Walmart is facing calls to shake up its executive pay, boardroom composition and approach to workplace sexual harassment at the US retailer’s annual meeting, expected to be gatecrashed by presidential candidate Bernie Sanders.

Two influential shareholder advisory groups are recommending votes against the world’s biggest retailer at the Arkansas gathering next week, the Financial Times can disclose.

Glass Lewis has advised investors vote down Walmart’s remuneration plans, citing a “pay and performance disconnect”. Doug McMillon, chief executive, was handed a $23.6m package for last year.

Institutional Shareholder Services has backed the pay plan but thrown its weight behind an investor motion that demands Walmart strengthen board oversight to prevent workplace sexual harassment.

The proxy recommendations threaten to add institutional shareholder heft to political and activist scrutiny of Walmart. Mr Sanders, the leftwing Vermont senator who has put Walmart at the centre of his campaign to strengthen worker rights, is to demand that employees are represented on its board.

Walmart, which employs about 2.2m people globally, gave the average worker a pay rise last year. The median employee received $21,952 in the year to the end of January, up from $19,177 the previous year.

Mr McMillon received about 1,000 times more. His total package, including salary, performance-dependent bonuses and other benefits, rose 3.6 per cent.

Judith McKenna, the former Asda executive promoted to run Walmart’s international business last year, received a $12.9m package. US division chief Greg Foran picked up $13.5m, chief financial officer Brett Biggs $9.4m and Sam’s Club head John Furner $9.3m.

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Walmart, which has a $294bn market capitalisation, said its pay plans were designed to motivate and retain top executives, “with the ultimate goal of generating strong operating results”. The company said a substantial majority of their remuneration was performance-based, reflecting a “pay-for-performance culture”.

The retailer generated operating income of $22bn last year on revenues that rose 2.8 per cent to $515bn. Ecommerce sales rose 40 per cent.

Glass Lewis, however, noted total shareholder returns in the year in question fell 8 per cent and said it did not believe Walmart’s scheme “sufficiently aligns pay with performance”. In particular, it criticised the company’s long-term incentive plan.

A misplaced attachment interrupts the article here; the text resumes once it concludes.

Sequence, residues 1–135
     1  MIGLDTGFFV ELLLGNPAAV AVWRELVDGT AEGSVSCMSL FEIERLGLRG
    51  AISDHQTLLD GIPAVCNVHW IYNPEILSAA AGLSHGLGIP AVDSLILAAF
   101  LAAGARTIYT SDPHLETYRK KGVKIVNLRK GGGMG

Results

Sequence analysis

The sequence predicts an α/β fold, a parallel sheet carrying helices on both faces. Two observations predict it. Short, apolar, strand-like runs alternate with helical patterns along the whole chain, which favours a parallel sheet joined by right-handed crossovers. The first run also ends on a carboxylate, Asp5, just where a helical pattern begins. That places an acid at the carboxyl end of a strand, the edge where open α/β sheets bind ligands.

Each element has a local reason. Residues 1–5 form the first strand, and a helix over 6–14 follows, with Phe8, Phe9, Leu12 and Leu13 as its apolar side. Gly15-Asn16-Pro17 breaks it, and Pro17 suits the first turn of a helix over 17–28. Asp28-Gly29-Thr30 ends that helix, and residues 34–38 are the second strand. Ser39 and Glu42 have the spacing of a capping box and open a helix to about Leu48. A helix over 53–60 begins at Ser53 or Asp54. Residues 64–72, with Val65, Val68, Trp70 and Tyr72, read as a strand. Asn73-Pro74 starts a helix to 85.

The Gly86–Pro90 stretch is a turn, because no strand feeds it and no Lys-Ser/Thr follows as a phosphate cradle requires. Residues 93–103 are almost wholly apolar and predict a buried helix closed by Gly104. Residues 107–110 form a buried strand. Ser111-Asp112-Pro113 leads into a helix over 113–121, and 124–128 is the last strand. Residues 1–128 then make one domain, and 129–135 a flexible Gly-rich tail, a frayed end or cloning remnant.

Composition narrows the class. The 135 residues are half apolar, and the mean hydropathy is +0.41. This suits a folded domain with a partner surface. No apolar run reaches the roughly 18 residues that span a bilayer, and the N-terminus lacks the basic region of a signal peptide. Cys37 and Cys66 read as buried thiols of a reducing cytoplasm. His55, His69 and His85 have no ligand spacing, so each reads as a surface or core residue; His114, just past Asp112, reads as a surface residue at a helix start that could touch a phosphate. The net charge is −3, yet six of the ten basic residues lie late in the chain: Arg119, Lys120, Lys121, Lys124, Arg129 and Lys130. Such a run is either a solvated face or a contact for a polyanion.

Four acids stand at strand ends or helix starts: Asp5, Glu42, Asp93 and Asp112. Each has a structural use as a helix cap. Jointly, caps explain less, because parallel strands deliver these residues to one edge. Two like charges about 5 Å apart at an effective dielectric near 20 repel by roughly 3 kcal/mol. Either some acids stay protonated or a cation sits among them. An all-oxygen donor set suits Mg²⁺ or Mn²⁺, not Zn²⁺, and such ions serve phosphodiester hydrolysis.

Bernie Sanders will be in the crowd for Walmart’s annual meeting as part of his workers’ rights campaign © Getty

Under the “performance equity” part of the plan, executives are awarded shares based on a one-year performance period. Glass Lewis said “an overwhelming majority of firms with comparable size and scope use multiyear goals in the face of many similar challenges”.

Walmart defended the plan’s design, pointing out that the shares still vested over a three-year period. Its approach balanced “long-term focus with clear and understandable performance goals”.

Mr Sanders, a longtime critic of Walmart and the Walton family descendants of its founders, argues that employee representation on the board would rein in executive pay as well as improving conditions for workers.

The company said in a statement that it hoped Mr Sanders would treat his appearance at the meeting “not as a campaign stop, but as a constructive opportunity to learn” about the opportunities Walmart created for workers.

The scale of any shareholder rebellion on executive pay was unclear ahead of the meeting. Glass Lewis also recommended investors vote against Walmart’s executive pay last year, when 9.4 per cent of votes cast failed to back the company.

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ISS is supporting United for Respect, which represents retail workers, in its demand that Walmart compile a report reviewing how it deals with sexual harassment allegations. The advisory group, which is backing similar shareholder motions at Amazon and XPO Logistics, said it would help investors “better gauge” the risk of reputation-damaging scandals.

Walmart said it already had a strong anti-harassment policy in place, adding that such a review would be unnecessary and a distraction. Glass Lewis said it had “significant reservations” about the motion and recommended shareholders vote against it.

Via Financial Times